How is Mildred conforming to society in Fahrenheit 451?

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Ashley Kannan eNotes educator| Certified Educator

The way in which Mildred is depicted reflects a great deal about Bradbury's take on conformity in social orders.  Mildred is very content living in the socially dictated conditions that are laid out for her.  She is almost phobic of any expectation that goes against such an order.  When Guy does not question his consciousness, their marriage is fine.  When he does, friction results.  Mildred demonstrates conformity with such a narrow conception of marriage, where consensus based results supersede all else.  At the same time, her obsession with television, a medium that is controlled by external forces, reflects how conformist views of the social order have impacted her.  Yet, in the end, Mildred cannot stop the feeling that what has been presented for her in terms of social expectations and conformist norms might be lacking an element of pure totality.  Her friction with Guy, the difficulties endured as a result help to bring to light that something is "wrong" and that change has permeated a setting where it had been repelled.  The underlying element that shows how conformity might be a limited concept would be that Mildred lacks the vocabulary to articulate that something is wrong with her world.  Being a product of absolute conformist values, she does not know how to speak of a condition where discontent is present.  Her taking of the sleeping pills is the only response that she can muster.  It is one that tells Guy that something is indeed wrong with the social conditions in which he lives and used to substantiate, a sentiment confirmed with the nonchalant response of the medical staff tending to Mildred.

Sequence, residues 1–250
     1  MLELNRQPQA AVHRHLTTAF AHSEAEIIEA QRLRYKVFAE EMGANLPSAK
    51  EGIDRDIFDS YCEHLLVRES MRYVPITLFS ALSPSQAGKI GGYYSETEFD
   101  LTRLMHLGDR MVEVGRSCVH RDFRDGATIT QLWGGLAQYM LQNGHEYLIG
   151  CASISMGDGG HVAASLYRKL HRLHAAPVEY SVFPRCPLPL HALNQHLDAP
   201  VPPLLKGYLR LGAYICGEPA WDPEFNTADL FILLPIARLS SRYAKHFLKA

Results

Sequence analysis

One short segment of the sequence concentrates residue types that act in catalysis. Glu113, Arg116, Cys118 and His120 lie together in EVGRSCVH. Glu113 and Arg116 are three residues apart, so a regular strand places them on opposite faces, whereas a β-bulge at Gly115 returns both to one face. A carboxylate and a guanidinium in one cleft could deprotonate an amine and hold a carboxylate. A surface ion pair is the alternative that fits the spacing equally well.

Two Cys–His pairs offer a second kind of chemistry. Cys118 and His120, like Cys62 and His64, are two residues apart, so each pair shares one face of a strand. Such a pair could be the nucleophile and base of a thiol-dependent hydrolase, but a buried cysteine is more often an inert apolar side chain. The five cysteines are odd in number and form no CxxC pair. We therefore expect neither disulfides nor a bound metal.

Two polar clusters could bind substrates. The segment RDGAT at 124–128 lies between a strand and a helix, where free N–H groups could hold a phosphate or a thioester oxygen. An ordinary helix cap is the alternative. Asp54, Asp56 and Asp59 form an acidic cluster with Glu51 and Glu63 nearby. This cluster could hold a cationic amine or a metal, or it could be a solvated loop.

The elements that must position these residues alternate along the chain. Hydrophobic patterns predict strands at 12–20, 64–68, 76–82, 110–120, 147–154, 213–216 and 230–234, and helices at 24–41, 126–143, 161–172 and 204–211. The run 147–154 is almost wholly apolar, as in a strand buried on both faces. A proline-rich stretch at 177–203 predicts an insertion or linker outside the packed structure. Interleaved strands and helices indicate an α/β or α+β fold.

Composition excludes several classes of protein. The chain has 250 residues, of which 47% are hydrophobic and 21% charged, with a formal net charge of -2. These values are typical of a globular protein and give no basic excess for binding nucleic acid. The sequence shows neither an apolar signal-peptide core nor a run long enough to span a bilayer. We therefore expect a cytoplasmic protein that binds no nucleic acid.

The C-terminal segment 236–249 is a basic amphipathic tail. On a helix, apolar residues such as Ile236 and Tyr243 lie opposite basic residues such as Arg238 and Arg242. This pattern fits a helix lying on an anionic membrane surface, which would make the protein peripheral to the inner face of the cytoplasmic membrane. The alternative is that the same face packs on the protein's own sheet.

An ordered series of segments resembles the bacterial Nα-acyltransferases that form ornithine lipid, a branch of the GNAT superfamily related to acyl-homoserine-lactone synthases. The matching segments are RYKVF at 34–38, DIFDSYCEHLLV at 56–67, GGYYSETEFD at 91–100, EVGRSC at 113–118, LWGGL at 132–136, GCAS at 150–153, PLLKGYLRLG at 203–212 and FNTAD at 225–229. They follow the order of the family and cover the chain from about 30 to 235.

Doug Stuva eNotes educator| Certified Educator

Mildred, in Fahrenheit 451, is trapped in conformity.  She is a product of her society. 

She is a product of mindless entertainment and a system designed to keep people from thinking for themselves.  She watches TV on three walls and can't stop thinking about the day when she'll get a fourth wall.  The programming is so simplistic and unenlightening that a ten-year-old child would get bored with it, but Mildred watches it faithfully.  She conforms to society by being engrossed with its mindless programming.

Mildred also conforms concerning the issue of books.  She is the one who informs on her husband because he is too nonconforming--he reads books.  Importantly, she gives little effort to understanding any of the words in the books Montag tries to interest her in.  This, too, is conformity.

Her conformity is also apparent in the horror she feels when Montag reads a poem (nonconformity) to her friends.  She is threatened by anything that her society doesn't sanction. 

Perhaps the only nonconformist act on Mildred's part, in fact, is her attempted suicide.  This, apparently--since the technicians are so nonchalant about pumping out her stomach--is what conformity in her society often leads to.